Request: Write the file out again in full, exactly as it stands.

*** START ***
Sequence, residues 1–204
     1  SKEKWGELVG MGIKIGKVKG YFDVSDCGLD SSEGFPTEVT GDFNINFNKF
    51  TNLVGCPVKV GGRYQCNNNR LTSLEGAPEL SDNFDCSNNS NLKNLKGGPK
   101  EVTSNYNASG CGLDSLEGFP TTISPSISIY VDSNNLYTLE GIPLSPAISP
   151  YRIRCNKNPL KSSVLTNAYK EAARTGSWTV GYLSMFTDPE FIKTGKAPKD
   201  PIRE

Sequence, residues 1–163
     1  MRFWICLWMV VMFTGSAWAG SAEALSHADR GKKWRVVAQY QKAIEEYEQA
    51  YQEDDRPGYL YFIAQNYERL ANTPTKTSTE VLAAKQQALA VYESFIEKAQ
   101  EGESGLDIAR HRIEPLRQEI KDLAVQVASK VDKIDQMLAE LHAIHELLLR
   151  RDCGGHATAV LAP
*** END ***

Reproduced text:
Sequence, residues 1–204
     1  SKEKWGELVG MGIKIGKVKG YFDVSDCGLD SSEGFPTEVT GDFNINFNKF
    51  TNLVGCPVKV GGRYQCNNNR LTSLEGAPEL SDNFDCSNNS NLKNLKGGPK
   101  EVTSNYNASG CGLDSLEGFP TTISPSISIY VDSNNLYTLE GIPLSPAISP
   151  YRIRCNKNPL KSSVLTNAYK EAARTGSWTV GYLSMFTDPE FIKTGKAPKD
   201  PIRE

Sequence, residues 1–163
     1  MRFWICLWMV VMFTGSAWAG SAEALSHADR GKKWRVVAQY QKAIEEYEQA
    51  YQEDDRPGYL YFIAQNYERL ANTPTKTSTE VLAAKQQALA VYESFIEKAQ
   101  EGESGLDIAR HRIEPLRQEI KDLAVQVASK VDKIDQMLAE LHAIHELLLR
   151  RDCGGHATAV LAP